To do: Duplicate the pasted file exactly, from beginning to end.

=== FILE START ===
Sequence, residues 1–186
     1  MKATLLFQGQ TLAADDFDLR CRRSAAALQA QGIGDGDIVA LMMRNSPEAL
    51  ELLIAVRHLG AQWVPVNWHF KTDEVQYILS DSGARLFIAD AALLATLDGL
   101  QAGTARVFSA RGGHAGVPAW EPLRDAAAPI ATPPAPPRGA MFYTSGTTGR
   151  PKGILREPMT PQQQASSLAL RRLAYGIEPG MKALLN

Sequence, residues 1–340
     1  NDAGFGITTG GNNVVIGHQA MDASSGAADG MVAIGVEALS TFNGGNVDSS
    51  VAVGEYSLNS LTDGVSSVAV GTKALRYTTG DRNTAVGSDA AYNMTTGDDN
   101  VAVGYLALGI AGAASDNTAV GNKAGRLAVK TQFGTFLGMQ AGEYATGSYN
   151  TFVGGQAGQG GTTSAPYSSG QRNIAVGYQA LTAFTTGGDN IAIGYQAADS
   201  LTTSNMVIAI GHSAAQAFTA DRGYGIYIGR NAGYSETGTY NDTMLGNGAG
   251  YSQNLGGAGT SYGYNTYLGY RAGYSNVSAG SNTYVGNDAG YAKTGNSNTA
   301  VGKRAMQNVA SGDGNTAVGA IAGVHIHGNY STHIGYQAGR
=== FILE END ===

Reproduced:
Sequence, residues 1–186
     1  MKATLLFQGQ TLAADDFDLR CRRSAAALQA QGIGDGDIVA LMMRNSPEAL
    51  ELLIAVRHLG AQWVPVNWHF KTDEVQYILS DSGARLFIAD AALLATLDGL
   101  QAGTARVFSA RGGHAGVPAW EPLRDAAAPI ATPPAPPRGA MFYTSGTTGR
   151  PKGILREPMT PQQQASSLAL RRLAYGIEPG MKALLN

Sequence, residues 1–340
     1  NDAGFGITTG GNNVVIGHQA MDASSGAADG MVAIGVEALS TFNGGNVDSS
    51  VAVGEYSLNS LTDGVSSVAV GTKALRYTTG DRNTAVGSDA AYNMTTGDDN
   101  VAVGYLALGI AGAASDNTAV GNKAGRLAVK TQFGTFLGMQ AGEYATGSYN
   151  TFVGGQAGQG GTTSAPYSSG QRNIAVGYQA LTAFTTGGDN IAIGYQAADS
   201  LTTSNMVIAI GHSAAQAFTA DRGYGIYIGR NAGYSETGTY NDTMLGNGAG
   251  YSQNLGGAGT SYGYNTYLGY RAGYSNVSAG SNTYVGNDAG YAKTGNSNTA
   301  VGKRAMQNVA SGDGNTAVGA IAGVHIHGNY STHIGYQAGR